An emotionally invested enthusiast of pop culture in the guise of a Copywriter. Apathetic by design. Aesthetically offensive and eloquently candid. A sentimental heathen.

Comedy, in my personal opinion, is one of the hardest genre to nail. My preferences made watching most Indonesian comedy a chore. Forget about making me smile. More than often, their jokes were downright offensive and derogatory (like that “coming out” joke in Comic 8: Casino Kings), or could even count as sexual harassment (like that infamous Kemal stint from earlier this year). It’s painfully hard to find an Indonesian comedian whose sense of humor aligned with mine, and even harder to find one who could actually write. Ernest Prakasa, however, scored my approval on both points. And Cek Toko Sebelah proved that he is a force to be reckoned with.



A minor stroke attack prompted Koh Afuk (Chew Kin Wah) to consider retirement and hand over his store to one of his son. But when he asked the successful and career oriented Erwin (Ernest Prakasa) to be his successor, he effectively offended his estranged older son Yohan (Dion Wiyoko). And so an even deeper rift was formed in the already fragmented family, dragging even each son’s respective partner Natalie (Gisella Anastasia) and Ayu (Adinia Wirasti).



Theoretically, everyone can write and be a writer. But not everyone can be a story teller, even more so a good one. You’d have to be able to ensnare your audience, and walk the thin line between bland exposition and over dramatization. Most people often fell prey to the latter. It’s easy to create laugh with over-the-top slapstick, or goad tears with tales of terrible misfortune. What’s hard, is to do both without needless hogwash. And Cek Toko Sebelah managed that feat in a seemingly effortless manner, presenting a wholesome drama comedy with proportional ratio on, well, almost everything.

Ernest, with the help of Jenny Jusuf, penned a robust tale of sibling rivalry and the long winding road to mend a fragmented family. He captured each side’s layered problems, and delivered them in a way that got me feeling sympathetic for everyone. In a way, I think this story was a perfect example of how a hero in one’s story is a villain in another’s. Unwittingly, they became the antagonist in each other’s life. And this was a story of how they overcame that ironic situation, how they faced their own demons and rediscovered what matters most in their life. Yet, Cek Toko Sebelah never strayed too far from comedy. It transitioned smoothly between refreshing entertainment and touching family drama. I could went from crying tears of joy to gross sobbing in a matter of scenes. But never once I experienced whiplash, because the emotional shift was smoother than Adinia Wirasti’s flawless skin.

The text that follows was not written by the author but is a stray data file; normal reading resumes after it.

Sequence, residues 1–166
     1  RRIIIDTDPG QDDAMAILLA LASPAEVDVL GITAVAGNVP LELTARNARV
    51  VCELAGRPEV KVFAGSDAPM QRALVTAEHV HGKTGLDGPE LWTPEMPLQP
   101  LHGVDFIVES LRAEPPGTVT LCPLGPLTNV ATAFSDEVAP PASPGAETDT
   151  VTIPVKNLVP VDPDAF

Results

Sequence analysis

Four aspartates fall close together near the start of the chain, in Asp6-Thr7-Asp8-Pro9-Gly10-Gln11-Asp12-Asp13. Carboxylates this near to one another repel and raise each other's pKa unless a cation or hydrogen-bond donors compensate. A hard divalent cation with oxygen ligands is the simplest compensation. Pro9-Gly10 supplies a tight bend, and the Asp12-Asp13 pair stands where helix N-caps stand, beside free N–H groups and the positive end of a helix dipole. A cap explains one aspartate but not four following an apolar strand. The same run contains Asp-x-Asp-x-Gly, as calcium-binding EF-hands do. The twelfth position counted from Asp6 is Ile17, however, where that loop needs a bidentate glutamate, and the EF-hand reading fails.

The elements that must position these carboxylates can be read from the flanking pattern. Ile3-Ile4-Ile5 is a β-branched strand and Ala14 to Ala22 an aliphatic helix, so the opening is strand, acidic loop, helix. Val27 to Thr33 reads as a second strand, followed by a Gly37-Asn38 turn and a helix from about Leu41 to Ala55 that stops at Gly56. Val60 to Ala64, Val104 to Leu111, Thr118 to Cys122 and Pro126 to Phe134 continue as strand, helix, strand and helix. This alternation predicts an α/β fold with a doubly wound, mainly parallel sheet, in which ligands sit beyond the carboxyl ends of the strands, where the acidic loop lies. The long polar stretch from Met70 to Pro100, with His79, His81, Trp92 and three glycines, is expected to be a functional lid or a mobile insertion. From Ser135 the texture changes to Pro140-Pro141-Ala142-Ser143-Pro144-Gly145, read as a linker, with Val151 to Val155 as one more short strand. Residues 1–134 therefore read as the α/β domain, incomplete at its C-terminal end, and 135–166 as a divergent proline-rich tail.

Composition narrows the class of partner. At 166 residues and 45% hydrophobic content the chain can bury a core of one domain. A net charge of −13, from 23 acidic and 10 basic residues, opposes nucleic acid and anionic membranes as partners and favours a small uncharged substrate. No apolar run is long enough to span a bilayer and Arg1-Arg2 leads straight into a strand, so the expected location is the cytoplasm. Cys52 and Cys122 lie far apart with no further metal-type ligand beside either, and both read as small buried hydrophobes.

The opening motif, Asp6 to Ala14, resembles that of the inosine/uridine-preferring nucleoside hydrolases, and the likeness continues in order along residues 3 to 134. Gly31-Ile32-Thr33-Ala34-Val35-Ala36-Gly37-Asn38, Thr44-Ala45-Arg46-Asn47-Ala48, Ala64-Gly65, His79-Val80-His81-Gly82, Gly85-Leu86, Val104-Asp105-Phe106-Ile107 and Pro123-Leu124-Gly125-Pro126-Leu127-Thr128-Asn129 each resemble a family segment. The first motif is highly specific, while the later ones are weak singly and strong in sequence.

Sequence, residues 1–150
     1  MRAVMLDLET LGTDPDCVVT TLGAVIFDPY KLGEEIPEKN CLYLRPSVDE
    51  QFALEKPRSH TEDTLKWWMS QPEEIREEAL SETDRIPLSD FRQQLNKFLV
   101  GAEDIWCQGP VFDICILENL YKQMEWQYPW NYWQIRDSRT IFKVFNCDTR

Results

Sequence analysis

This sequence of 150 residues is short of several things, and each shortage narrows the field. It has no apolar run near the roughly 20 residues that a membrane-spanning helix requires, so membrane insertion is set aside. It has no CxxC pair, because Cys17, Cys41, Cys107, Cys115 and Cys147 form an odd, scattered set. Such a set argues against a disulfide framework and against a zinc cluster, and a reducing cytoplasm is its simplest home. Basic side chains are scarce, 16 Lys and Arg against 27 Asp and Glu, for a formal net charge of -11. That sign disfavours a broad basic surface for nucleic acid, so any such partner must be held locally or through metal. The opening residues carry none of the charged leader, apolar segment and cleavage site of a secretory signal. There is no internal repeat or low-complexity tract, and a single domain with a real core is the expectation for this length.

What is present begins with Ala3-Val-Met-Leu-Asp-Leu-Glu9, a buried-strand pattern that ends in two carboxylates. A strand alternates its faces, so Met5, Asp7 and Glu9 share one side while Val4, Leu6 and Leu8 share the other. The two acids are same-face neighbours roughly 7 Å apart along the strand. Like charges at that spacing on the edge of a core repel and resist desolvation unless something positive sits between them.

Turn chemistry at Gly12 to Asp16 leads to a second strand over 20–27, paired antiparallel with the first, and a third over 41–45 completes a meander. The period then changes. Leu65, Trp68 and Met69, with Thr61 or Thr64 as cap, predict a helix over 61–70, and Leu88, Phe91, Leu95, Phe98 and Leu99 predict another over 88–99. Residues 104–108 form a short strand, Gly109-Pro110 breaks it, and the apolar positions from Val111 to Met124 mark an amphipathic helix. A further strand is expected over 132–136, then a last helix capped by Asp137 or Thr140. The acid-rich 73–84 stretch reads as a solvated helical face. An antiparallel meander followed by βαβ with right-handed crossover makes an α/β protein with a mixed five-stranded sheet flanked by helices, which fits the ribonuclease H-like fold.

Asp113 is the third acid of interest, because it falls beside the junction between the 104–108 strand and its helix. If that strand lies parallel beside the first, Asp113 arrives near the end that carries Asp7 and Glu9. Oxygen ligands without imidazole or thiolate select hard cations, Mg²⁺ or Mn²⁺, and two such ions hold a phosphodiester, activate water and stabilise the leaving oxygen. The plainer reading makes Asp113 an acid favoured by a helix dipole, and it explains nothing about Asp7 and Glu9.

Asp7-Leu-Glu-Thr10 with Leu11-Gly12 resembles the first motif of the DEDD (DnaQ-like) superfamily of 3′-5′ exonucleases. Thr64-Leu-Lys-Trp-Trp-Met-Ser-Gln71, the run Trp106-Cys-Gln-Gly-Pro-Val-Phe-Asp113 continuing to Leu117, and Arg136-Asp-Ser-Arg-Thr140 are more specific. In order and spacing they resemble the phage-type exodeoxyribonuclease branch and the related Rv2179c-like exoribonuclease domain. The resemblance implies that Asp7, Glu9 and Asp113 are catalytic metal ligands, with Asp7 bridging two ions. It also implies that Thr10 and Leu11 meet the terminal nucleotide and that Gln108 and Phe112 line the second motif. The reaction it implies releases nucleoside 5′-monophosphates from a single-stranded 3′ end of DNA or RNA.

Admittedly, Ernest lucked out with his cast ensemble. Almost all of the main casts gave added depth to their character. Chew Kin Wah was stellar as Koh Afuk. He was both a long-suffering father and a proud one, a steely store owner with some soft sides who actually like to jokes around, and he could said a lot without actually talk. More than once, he broke my heart simply with his expression and dejected look. He’s just a human, after all. And though he wants nothing more than to see his sons happy, he still have his ego and pride. A selfish hope that his favorite son will continue his legacy. All of those conflicting emotions he conveyed without words. Though Dion Wiyoko could surprisingly gave him a run for his money in that department. To date, this was Dion Woyoko’s best performance. His emotional range was impressive. He could held a meaningful dialogue with Liliana’s tombstone, and he successfully turned a blatant exposition into a touching confession. His character was every firstborn’s worst nightmare: a disappointment who couldn’t live up to their parent’s expectation. Still, despite the blatant favoritism, he stayed his ego. Because all he wanted was just to make his dad happy. And through every sad gaze, through each heartrending interaction with Koh Afuk, Dion Wiyoko took us in Yohan’s journey in self-reconciliation. Healing each scars to finally be whole once again. He truly brought Yohan to life. Either that, or there’s a group of ninjas in the theater who started cutting onion every time he showed up on screen. Like, Dion Wiyoko was so good, being paired with Adinia Wirasti only helped him shine even more. And this is Adinia Wirasti we’re talking about. She was simply lovable as Ayu. Despite her rather small portion of lines, she didn’t feel underused. Because her presence and expressions alone were enough to amplified the emotions in her scenes. She was Yohan’s pillar, a shoulder to rely on, a partner in sadness and in happiness. I’d kill for a partner like that, really.